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Increasing Primary Care Residency Positions Critical to Alleviating Physician Shortages, Says AAMC
In a recently released white paper (5-page PDF; About PDFs) outlining its workforce policy recommendations, the AAMC says the Supreme Court decision in June upholding nearly all of the provisions of the Patient Protection and Affordable Care Act has "significant implications for the physician workforce, as an estimated 32 million Americans may become newly insured under the (Affordable Care Act)."
- For the first time, the Association of American Medical Colleges (AAMC) has called for an increase in the number of primary care residency positions to help alleviate a growing shortage of U.S. physicians.
- As part of a recently released white paper, the AAMC is urging enactment of four core recommendations to increase the number of U.S. physicians.
- The AAFP is pleased about the AAMC's call for more primary care residency positions, but has some concerns about statements made in the white paper, says AAFP President Jeffrey Cain, M.D., of Denver.
The AAMC stresses that "the United States cannot afford to wait until the physician shortage takes full effect because by then, it will be too late."
"We must be proactive and remember that the education and training of a physician takes more than a decade."
The AAMC says its recommendations "are intended to ensure that policymakers understand that an adequate supply of physicians must be achieved through more efficient health care delivery models and by increasing physician training positions."
"No single approach is sufficient -- all of the following are necessary to ensure an adequate supply of physicians," says the AAMC.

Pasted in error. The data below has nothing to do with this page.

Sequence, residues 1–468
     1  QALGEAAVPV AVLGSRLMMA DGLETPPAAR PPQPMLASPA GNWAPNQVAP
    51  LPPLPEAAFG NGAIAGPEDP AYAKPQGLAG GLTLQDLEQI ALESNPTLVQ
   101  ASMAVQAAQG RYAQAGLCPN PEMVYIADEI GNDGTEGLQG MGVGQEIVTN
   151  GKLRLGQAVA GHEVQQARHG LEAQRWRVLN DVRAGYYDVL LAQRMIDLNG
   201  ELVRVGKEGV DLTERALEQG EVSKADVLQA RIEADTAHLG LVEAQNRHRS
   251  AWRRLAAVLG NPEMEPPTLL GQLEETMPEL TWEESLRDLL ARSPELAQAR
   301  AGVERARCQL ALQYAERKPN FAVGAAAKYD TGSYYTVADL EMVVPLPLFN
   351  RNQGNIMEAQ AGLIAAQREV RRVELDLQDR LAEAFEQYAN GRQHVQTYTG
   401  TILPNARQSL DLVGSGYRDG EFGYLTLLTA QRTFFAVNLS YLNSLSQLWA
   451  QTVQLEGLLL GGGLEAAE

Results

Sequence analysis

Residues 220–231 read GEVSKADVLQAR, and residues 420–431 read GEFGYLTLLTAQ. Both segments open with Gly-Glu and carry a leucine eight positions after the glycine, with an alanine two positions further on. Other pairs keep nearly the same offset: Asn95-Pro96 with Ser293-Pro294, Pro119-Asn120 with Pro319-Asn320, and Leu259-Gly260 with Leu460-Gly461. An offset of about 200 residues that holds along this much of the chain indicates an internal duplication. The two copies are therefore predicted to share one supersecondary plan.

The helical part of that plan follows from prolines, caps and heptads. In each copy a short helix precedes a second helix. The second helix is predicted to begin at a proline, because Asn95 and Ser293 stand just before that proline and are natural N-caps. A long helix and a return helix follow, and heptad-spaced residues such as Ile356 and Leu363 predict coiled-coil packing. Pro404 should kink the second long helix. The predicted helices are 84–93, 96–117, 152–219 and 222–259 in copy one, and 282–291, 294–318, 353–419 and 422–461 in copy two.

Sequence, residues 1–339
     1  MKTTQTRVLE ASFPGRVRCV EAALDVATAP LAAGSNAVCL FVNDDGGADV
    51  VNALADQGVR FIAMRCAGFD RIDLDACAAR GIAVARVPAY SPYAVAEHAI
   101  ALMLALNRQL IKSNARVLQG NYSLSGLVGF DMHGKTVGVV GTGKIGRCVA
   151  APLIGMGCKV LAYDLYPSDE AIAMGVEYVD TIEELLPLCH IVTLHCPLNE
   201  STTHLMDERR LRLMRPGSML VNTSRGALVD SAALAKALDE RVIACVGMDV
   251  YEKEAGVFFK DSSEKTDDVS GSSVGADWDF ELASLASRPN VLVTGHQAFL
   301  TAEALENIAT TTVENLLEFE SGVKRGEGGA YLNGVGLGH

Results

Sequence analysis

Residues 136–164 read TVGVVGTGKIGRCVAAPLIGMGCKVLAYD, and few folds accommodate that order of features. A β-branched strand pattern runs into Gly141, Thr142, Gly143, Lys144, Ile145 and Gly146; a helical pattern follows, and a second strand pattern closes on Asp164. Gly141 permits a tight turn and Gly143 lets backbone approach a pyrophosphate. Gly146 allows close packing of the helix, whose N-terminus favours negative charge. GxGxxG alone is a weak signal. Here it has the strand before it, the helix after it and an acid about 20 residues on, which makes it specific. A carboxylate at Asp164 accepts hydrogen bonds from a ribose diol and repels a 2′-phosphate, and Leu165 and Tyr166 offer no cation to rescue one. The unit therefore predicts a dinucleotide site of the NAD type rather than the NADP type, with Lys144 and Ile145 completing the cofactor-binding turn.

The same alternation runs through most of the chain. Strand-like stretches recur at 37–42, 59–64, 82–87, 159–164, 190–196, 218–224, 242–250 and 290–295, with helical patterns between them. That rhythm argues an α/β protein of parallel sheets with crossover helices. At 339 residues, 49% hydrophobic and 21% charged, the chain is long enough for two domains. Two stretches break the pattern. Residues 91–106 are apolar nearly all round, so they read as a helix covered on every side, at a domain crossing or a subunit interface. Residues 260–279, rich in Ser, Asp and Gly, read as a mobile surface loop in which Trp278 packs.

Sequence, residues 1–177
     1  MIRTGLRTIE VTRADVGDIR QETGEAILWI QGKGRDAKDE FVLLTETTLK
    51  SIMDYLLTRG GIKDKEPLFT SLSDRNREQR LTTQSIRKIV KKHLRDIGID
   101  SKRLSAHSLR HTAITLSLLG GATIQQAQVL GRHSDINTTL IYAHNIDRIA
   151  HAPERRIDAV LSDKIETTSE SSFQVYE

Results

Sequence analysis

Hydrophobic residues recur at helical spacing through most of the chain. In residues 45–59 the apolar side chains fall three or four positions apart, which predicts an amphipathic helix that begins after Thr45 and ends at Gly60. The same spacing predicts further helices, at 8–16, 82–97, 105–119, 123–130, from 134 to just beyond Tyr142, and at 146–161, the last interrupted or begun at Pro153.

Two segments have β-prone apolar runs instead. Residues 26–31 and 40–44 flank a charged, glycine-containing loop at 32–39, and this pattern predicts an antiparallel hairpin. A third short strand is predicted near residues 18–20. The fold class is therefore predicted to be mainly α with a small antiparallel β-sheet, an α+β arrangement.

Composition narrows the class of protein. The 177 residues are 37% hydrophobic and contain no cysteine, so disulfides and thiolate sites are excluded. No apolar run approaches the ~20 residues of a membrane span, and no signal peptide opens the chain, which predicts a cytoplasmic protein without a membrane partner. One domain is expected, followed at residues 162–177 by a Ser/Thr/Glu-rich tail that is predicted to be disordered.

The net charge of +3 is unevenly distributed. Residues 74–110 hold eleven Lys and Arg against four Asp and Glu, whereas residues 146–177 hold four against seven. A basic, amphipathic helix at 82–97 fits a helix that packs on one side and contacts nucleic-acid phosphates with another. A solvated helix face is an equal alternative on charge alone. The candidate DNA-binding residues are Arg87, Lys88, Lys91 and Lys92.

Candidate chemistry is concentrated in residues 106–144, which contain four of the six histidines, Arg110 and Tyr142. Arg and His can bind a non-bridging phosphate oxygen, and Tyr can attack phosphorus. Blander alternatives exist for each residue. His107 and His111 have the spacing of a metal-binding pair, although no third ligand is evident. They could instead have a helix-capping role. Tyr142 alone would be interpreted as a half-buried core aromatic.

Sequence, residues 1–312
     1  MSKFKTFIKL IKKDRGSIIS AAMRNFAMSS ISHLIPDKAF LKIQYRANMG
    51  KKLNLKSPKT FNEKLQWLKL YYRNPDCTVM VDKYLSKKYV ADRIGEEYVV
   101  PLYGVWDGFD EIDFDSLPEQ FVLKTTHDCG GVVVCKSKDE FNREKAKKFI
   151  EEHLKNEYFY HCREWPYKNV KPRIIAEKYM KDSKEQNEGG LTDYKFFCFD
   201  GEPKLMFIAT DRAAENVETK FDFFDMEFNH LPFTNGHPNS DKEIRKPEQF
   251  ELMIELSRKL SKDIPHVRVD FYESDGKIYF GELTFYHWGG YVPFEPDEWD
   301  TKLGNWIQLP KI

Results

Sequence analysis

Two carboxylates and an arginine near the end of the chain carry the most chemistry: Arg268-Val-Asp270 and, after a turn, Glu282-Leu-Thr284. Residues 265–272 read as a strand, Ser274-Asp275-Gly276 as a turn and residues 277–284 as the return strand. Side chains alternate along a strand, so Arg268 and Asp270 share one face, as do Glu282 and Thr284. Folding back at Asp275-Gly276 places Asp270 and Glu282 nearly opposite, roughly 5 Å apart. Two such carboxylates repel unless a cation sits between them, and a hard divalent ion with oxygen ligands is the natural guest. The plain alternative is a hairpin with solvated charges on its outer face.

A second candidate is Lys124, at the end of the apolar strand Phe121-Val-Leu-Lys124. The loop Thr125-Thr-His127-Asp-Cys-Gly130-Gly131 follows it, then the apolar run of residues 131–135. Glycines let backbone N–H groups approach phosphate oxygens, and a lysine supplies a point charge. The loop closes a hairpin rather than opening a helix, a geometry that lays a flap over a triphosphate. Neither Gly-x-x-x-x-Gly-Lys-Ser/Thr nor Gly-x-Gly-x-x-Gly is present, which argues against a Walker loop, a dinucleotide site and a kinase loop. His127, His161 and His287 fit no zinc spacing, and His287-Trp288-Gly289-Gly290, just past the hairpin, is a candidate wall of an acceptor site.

The recommendations are that
- the number of federally supported graduate medical education (GME) training positions should be increased by at least 4,000 new positions a year;
- funding for new residency positions should be based on population growth, regional and state-specific needs, and changes in delivery systems, with half of the new positions in primary care and other generalist areas;
- policymakers should use clinical reimbursement and other mechanisms to affect geographic distribution of physicians and influence specialty composition; and
- the federal government should continue to invest in delivery system research and evidence-based innovations in health care delivery.
"It is much lower than that," he adds.
In fact, the majority of medical school graduates who enter primary care internal medicine and pediatric residency tracks go on to train in subspecialty residencies and never actually practice primary care, Cain notes.
"We know that the highest quality and lowest cost health care system for our country will require a workforce of 40 to 50 percent primary care," says Cain, pointing out that the Council on Graduate Medical Education has said primary care physicians should make up at least 40 percent of the nation's physician workforce. It is imperative that at least half of medical school graduates succeed in ultimately practicing primary care, says Cain.
According to him, AAFP members should view the AAMC's recommendations with cautious optimism. "We need to help the AAMC shape their policy into legislation that works for our medical schools and for the public," says Cain.
Follow Up Recommendations
"Medical schools are on track to meet that 30 percent goal by 2016, but residency training … positions have increased only by 8 percent since 2002," the AAMC says. "The expansion of medical schools is an imperative step toward creating an adequate supply of physicians, but the limited availability of residency positions means that new physicians may not be able to secure residency training, a prerequisite for independent practice."
The AAMC also addresses caps on physician training, pointing out, for example, that the Balanced Budget Act of 1997 capped Medicare-funded GME at 1996 levels "for almost all teaching hospitals and continues to limit teaching hospital efforts to expand or create new programs."
The health care reform act "did not eliminate the cap but allowed for the training of approximately 300 additional physicians a year -- far fewer than 10,000 additional physicians the nation would need to train annually to address the entire physician shortage," says the AAMC.
"Unless Congress increases the 1997 cap on the number of residency positions for which Medicare pays its share of the costs, the number of physicians per capita will decrease."